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Developers Guide

If you want to learn how to extend Gate with your own code, you are in the right place.

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Getting Started

Gate is designed with developers in mind.

All you need to get started is a working Go environment. You can find the Go installation instructions here.

Once you have Go installed, you create a new Go module and add Gate as a dependency:

mkdir mcproxy; cd mcproxy
go mod init mcproxy
go get -u[email protected]

Add and initialize your plugin and execute Gate, that's it!

func main() {
    // Add our "plug-in" to be initialized on Gate start.
    proxy.Plugins = append(proxy.Plugins, proxy.Plugin{
        Name: "SimpleProxy",
        Init: func(ctx context.Context, proxy *proxy.Proxy) error {
            return newSimpleProxy(proxy).init() // see code examples
    // Execute Gate entrypoint and block until shutdown.
    // We could also run gate.Start if we don't need Gate's command-line.

Learning by Example

The best way to learn how to extend Gate is by looking at some examples. If you want to see a complete Go project that uses Gate, check out the Simple Proxy example.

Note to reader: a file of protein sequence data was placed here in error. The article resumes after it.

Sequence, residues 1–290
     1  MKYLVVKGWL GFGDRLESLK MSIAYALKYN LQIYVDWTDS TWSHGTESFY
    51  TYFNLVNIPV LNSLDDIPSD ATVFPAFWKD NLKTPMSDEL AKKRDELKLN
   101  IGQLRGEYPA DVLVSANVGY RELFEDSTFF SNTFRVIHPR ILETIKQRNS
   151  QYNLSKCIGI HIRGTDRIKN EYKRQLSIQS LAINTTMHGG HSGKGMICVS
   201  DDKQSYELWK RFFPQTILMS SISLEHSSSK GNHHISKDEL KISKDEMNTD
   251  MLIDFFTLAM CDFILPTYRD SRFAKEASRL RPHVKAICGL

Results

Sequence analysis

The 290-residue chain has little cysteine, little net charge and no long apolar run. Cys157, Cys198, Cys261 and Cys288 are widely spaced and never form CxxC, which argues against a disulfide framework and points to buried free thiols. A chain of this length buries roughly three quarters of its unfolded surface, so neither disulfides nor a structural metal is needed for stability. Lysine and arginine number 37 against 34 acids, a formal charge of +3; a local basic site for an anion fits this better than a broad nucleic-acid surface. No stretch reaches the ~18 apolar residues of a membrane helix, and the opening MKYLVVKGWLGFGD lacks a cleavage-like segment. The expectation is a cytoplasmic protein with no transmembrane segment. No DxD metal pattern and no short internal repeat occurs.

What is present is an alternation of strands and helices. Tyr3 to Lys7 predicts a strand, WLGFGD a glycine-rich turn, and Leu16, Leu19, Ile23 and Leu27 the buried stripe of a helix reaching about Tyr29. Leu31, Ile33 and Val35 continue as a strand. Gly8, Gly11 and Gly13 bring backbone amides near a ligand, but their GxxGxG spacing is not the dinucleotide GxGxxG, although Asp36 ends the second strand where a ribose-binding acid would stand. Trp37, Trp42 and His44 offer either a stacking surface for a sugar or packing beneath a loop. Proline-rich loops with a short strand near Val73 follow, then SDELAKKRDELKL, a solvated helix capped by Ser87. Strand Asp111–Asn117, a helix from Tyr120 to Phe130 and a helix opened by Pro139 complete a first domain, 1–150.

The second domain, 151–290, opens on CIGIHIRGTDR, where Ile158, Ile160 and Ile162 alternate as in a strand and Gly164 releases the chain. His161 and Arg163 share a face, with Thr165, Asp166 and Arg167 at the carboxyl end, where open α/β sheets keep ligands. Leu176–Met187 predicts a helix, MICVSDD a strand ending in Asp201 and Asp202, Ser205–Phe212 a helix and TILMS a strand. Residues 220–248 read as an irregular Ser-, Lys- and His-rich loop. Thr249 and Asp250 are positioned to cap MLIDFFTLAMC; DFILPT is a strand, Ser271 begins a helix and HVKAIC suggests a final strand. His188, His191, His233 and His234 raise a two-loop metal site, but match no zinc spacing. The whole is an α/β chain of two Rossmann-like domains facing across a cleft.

Gate's Plugin Architecture

Gate does not follow a traditional plugin system like Java Bukkit or BungeeCord. Instead, you create your own Go module, import Gate APIs, and compile it like a normal Go program.

Throughout the docs we refer to your custom code as a module, plugin or extension.

Note on Go's plugin system

We don't support Go's plugin system as it is not a mature solution. They force your plugin implementation to be highly-coupled with Gate's build toolchain, the end-result would be very brittle, hard to maintain, and the overhead would be much higher since the plugin author does not have any control over new versions of Gate.

One better solution would be to publish Go modules as Gate extensions where users can install open source plugins from GitHub like: gate mod install As implemented in Hugo Modules

Released under the MIT License. (web version: f5bdd121)